Natasha Becker is the Curator of African Art at the de Young Museum in San Francisco. Prior to joining the museum in 2020, she organized numerous exhibitions as an independent curator and spearheaded international initiatives as the Assistant Director of Mellon Initiatives at the Clark Art Institute in Williamstown, MA. She is the cofounder of two collaborative curatorial platforms: Assembly Room in New York City and The Underline Show in Johannesburg. Becker has served as curatorial adviser for the Face Foundation and co-curator at the Ford Foundation Art Gallery. She is focused on artists from Africa and the African diaspora with a distinct interest in women artists and centering social justice within the contemporary art dialogue. ‘Perilous Bodies’ and ‘Radical Love’, two recent group shows held at the Ford Foundation Art Gallery, wove together the perspectives of 42 international artists on issues of social violence, justice, and liberation. At the Osage Foundation in Hong Kong, she co-curated ‘Present Passing: South by Southeast’ with Patrick Flores, the renowned Filipino curator and art historian, to explore equivalent articulations of the Southeast through South Africa and the Caribbean. Becker was born and raised in Cape Town, South Africa.
Estrellita B. Brodsky
Estrellita Brodsky is a New York-based curator, art historian, philanthropist and advocate of art from Latin America. Brodsky holds a doctorate in art history from the Institute of Fine Arts, New York University. She curated the first U.S. museum survey of Julio Le Parc ‘Form into Action’ at the Pérez Art Museum Miami (PAMM) (2016-2017); the first U.S. retrospective of the Venezuelan kinetic artist Carlos Cruz-Diez ‘(In)formed by Color’ at the Americas Society, New York (2008); and ‘Jesus Soto: Paris and Beyond, 1950-1970’ (2012) at the Grey Art Gallery, New York University. In 2015, Brodsky founded ANOTHER SPACE, a program and exhibition space in New York City dedicated to broadening international awareness of artists from Latin America and of Latin American descent.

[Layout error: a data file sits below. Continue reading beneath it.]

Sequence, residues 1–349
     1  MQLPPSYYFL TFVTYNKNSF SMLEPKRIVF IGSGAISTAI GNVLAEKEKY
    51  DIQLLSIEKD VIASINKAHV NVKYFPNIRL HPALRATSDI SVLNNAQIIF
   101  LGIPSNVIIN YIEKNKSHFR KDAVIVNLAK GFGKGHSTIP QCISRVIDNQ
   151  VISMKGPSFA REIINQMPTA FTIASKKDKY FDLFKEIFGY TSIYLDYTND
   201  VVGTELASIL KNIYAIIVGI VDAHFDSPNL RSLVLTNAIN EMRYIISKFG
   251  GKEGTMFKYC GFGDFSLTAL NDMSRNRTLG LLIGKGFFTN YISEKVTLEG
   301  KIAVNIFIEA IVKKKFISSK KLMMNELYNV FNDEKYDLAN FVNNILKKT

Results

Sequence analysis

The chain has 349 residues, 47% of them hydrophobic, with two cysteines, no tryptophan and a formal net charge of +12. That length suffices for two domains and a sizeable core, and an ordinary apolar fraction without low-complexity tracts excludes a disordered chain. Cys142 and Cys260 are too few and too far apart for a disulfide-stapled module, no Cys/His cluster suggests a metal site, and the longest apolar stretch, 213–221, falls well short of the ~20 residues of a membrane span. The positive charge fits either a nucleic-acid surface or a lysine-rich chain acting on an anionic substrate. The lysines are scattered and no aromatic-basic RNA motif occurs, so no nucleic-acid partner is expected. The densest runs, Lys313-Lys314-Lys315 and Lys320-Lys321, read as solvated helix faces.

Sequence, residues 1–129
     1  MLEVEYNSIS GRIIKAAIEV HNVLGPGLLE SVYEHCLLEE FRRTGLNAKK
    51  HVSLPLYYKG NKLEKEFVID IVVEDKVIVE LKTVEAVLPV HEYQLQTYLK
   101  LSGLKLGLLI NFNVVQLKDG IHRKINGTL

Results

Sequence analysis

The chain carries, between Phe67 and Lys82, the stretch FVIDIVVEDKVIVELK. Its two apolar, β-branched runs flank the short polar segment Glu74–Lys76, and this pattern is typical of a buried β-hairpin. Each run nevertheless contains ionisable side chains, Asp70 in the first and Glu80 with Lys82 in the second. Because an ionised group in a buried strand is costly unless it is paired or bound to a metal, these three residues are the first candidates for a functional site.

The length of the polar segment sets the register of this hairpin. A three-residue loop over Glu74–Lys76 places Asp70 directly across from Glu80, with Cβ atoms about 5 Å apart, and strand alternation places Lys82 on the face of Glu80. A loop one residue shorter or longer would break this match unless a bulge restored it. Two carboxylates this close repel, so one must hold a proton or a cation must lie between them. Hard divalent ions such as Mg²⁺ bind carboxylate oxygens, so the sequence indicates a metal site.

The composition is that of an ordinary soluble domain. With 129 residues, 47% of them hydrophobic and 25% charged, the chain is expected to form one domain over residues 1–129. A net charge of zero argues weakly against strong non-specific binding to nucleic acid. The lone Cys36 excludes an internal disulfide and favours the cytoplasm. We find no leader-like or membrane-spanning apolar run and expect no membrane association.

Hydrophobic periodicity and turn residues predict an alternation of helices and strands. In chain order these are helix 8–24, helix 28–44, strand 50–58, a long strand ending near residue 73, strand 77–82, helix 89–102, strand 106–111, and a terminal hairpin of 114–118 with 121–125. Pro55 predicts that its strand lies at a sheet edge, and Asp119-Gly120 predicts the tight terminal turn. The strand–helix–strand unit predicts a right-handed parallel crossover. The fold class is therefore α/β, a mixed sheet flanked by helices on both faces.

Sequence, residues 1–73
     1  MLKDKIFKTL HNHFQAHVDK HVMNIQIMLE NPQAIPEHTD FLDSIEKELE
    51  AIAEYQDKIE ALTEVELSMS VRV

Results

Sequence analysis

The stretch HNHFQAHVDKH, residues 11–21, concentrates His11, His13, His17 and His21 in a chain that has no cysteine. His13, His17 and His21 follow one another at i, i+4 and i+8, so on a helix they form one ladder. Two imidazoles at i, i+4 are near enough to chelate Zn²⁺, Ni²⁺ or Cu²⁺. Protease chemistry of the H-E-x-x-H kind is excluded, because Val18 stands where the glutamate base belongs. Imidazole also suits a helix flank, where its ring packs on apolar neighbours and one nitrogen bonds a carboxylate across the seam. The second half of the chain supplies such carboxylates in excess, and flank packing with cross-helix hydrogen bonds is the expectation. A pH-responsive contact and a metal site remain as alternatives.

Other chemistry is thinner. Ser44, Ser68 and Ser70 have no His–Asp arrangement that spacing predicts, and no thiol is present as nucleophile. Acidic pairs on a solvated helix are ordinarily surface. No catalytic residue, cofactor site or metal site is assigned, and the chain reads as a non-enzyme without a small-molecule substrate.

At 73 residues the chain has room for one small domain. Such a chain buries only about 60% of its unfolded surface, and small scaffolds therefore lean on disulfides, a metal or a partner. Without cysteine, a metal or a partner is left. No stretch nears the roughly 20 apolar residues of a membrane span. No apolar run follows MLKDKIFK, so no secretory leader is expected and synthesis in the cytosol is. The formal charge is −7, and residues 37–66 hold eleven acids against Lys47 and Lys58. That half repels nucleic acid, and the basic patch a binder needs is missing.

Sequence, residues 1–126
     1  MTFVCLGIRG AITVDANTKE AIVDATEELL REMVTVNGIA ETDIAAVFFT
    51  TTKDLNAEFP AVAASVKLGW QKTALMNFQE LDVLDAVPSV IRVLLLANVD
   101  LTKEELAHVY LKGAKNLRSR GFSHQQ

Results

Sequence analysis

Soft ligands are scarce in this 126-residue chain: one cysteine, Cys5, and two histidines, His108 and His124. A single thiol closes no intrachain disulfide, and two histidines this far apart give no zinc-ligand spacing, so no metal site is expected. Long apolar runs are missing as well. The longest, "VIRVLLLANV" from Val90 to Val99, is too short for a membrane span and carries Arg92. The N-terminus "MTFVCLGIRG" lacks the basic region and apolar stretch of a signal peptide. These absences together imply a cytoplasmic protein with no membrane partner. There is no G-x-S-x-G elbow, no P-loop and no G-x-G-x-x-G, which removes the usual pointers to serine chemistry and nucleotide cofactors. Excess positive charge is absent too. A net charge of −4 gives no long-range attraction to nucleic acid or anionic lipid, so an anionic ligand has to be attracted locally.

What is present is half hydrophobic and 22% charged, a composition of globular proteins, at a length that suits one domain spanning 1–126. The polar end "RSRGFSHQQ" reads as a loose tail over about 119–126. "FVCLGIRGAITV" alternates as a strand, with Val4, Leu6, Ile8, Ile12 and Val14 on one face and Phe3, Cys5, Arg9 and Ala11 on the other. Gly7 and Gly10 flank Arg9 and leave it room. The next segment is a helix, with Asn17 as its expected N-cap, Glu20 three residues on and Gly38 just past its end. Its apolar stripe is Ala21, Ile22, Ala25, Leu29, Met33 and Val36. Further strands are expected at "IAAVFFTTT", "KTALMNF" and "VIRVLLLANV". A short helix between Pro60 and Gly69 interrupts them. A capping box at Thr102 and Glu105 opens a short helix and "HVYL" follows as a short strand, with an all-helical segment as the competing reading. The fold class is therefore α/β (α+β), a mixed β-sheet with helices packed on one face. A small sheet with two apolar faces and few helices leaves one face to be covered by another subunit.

Miguel A. López
Miguel A. López is a writer, researcher, and curator. Between 2015 and 2020, he worked at TEOR/éTica, in Costa Rica, first as chief curator and, from 2018, as co-director and chief curator. Recent curatorial projects include: ‘and if I devoted my life to one of its feathers?’ at Kunsthalle Wien, Vienna (2021); ‘Cecilia Vicuña, a Retrospective Exhibition’ at Witte de With, Rotterdam (2019) and MUAC-UNAM, Mexico City (2020); co-curated ‘Virginia Pérez-Ratton. Central America: Desiring a Place’ at MUAC, Mexico City, (2019); ‘Victoria Cabezas and Priscilla Monge: Give Me What You Ask For’ at the Americas Society, New York (2019); and ‘Social Energies/Vital Forces. Natalia Iguiñiz: Art, Activism, Feminism (1994–2018)’ at ICPNA, Lima (2018). Recent books include: Ficciones disidentes en la tierra de la misoginia (Dissident Fictions in the Land of Misogyny) (2019), and Robar la historia. Contrarrelatos y prácticas artísticas de oposición (Stealing History: Counter-narratives and Oppositional Art Practices (2017). His writing has appeared in Afterall, Artforum, Art in America, e-flux journal, and Manifesta Journal, among others. López is also a co-founder of the independent art space Bisagra, active in Peru since 2014.
José Falconi is a Lecturer in the Department of Art History and Architecture at Brandeis University (2014-2020), at Boston University from 2016, and was recently appointed Professor of Art and Human Rights at the University of Connecticut. In Latin America, Falconi has been Bicentennial Visiting Professor of Aesthetics at the University of Chile (Santiago de Chile, 2012 and 2019); International Professor at the National University of Colombia (Bogotá, 2013); Visiting Professor at the Center for Latin American Studies “Manuel Galich” at the Universidad San Carlos of Guatemala (2016); and Distinguished Visiting Professor at the University of Costa Rica (2017).